Early May sees the 70th anniversary of Victory in Europe – or VE – Day. After the suicide of Adolf Hitler on 30th April, the Germans surrendered on 7th May 1945, bringing an end to the Second World War in Europe. The following day was designated Victory in Europe Day – a day of celebration and relief but tinged with great sadness. Gatherings and parades were held by victorious, but exhausted, nations around the world. Due to the time difference VE Day was held on 9th May in New Zealand.
Victory celebration stirs Christchurch crowds. Christchurch turned out yesterday en masse to attend the second day of Victory Celebrations. A section of the crowd in the Square. 10 May 1945. The Press, 11 May 1945, p.8
The war against Japan in the Pacific was still raging, with New Zealand, British and American forces, amongst others, still fighting. Victory in the Pacific was still a few months away.
The closeness of this anniversary to the 100th anniversary of the start of the Gallipoli Campaign reminds us that there was only thirty years between the landings towards the beginning of the First World War and the end of the Second World War. In turn, the end of the Second World War led to the dismantling of the British Empire, independence for many colonised nations around the world and the Cold War.
Celebrating victory in Europe (VE Day, 9 May 1945), Normans Road, Bryndwr
[9 May 1945] CCL Photo Collection 22, Img02308_01
While 2015 is going to be dominated by the 100th anniversary of the Gallipoli campaign, there are a number of major non-First World War military-related anniversaries coming up this year. (This is not an exhaustive list)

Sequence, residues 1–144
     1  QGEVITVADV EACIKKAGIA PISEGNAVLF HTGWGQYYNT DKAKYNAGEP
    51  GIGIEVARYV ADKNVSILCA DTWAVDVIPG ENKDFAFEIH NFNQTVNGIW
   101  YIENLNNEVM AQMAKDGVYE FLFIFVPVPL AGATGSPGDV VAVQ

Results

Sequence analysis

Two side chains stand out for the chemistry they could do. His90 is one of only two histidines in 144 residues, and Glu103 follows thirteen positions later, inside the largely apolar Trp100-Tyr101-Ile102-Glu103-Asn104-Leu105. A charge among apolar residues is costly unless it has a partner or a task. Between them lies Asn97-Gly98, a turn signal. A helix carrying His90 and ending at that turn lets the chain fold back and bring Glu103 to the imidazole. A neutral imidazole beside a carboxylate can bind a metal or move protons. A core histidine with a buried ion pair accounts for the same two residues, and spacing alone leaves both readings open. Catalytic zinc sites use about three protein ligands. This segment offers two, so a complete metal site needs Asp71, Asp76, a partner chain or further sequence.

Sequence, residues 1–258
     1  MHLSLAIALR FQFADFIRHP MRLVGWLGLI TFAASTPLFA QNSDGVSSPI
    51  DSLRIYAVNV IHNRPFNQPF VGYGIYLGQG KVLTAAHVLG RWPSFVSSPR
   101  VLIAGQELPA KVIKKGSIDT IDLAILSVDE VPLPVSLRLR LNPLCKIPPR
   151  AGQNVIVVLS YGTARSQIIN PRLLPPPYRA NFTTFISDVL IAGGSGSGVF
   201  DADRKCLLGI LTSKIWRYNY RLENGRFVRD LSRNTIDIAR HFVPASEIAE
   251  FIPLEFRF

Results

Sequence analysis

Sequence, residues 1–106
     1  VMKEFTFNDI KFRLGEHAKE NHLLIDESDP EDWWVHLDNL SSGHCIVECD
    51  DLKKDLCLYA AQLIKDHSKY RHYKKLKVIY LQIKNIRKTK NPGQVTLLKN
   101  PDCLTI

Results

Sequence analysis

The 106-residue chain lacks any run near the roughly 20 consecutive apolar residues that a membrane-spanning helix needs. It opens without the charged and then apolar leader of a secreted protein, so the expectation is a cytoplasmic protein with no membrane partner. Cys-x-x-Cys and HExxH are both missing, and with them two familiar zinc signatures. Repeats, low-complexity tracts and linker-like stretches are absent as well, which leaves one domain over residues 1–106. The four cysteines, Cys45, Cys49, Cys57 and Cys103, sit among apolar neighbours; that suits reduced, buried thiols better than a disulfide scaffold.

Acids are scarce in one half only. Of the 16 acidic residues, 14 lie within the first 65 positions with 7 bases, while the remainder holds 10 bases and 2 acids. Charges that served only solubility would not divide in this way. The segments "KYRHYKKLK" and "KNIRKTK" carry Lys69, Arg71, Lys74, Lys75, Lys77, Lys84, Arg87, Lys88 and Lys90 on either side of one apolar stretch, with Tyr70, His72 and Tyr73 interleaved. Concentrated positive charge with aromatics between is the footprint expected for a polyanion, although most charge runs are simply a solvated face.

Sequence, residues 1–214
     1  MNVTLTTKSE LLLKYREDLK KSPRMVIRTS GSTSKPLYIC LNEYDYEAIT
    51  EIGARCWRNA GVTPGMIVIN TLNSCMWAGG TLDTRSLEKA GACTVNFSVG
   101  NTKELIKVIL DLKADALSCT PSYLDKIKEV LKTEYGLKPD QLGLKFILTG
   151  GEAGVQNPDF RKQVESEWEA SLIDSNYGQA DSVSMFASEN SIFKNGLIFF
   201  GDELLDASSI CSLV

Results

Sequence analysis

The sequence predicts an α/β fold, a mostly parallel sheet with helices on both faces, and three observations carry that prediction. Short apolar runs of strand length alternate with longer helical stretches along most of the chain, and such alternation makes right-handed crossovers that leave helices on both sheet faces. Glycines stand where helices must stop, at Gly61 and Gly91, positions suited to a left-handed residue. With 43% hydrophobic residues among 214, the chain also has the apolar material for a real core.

Although the campaign was a failure, the evacuation of the allies from the Gallipoli Peninsula was remarkably successful, as was the evacuation of the British Expeditionary Force and much of the French Army from Dunkirk in northern France 25 years later. In late spring 1940 Hitler‘s forces seemed unstoppable and withdrawal from continental Europe left Britain and her empire isolated and facing invasion. In order to invade the Nazis first needed air superiority, but during the tense weeks of the Battle of Britain that summer the RAF defeated the Luftwaffe and the invasion was called off.
A number of New Zealanders served with the RAF during the Battle of Britain, most notably Keith Park, from Thames, who commanded No. 11 Group defending London and the South-East of England.
This year will also see the 70th anniversary of the end of the Second World War, both in Europe where VE (Victory in Europe) Day was held on 8 May (9 May in New Zealand) and VJ (Victory over Japan) Day on 15th August – although the official Japanese surrender wasn’t signed until 2nd September. As the Allies liberated Nazi-held territory in Europe the painful truth about their treatment of Jews was revealed. It was on 27th January that Auschwitz concentration camp was liberated.
The Battle of Waterloo was a major event in European history and took place in Belgium on 18th June 1815. The battle saw a coalition of British, Dutch, German and Belgian armies, led by the Duke of Wellington defeat the French and finally end Napoleon’s imperial aspirations in Europe. The Napoleonic Wars and the French Revolutionary Wars which had begun in 1792. If Napoleon had won, what would Wellington (and Picton) have been called?
The Hundred Years War lasted longer than 100 years, but one of the most significant battles of the war was fought 600 years ago this year. The Battle of Agincourt, which took place in northern France on 25th October, was a major victory for the English, immortalised in Shakespeare’s Henry V.
There certainly is much to think about and remember this year.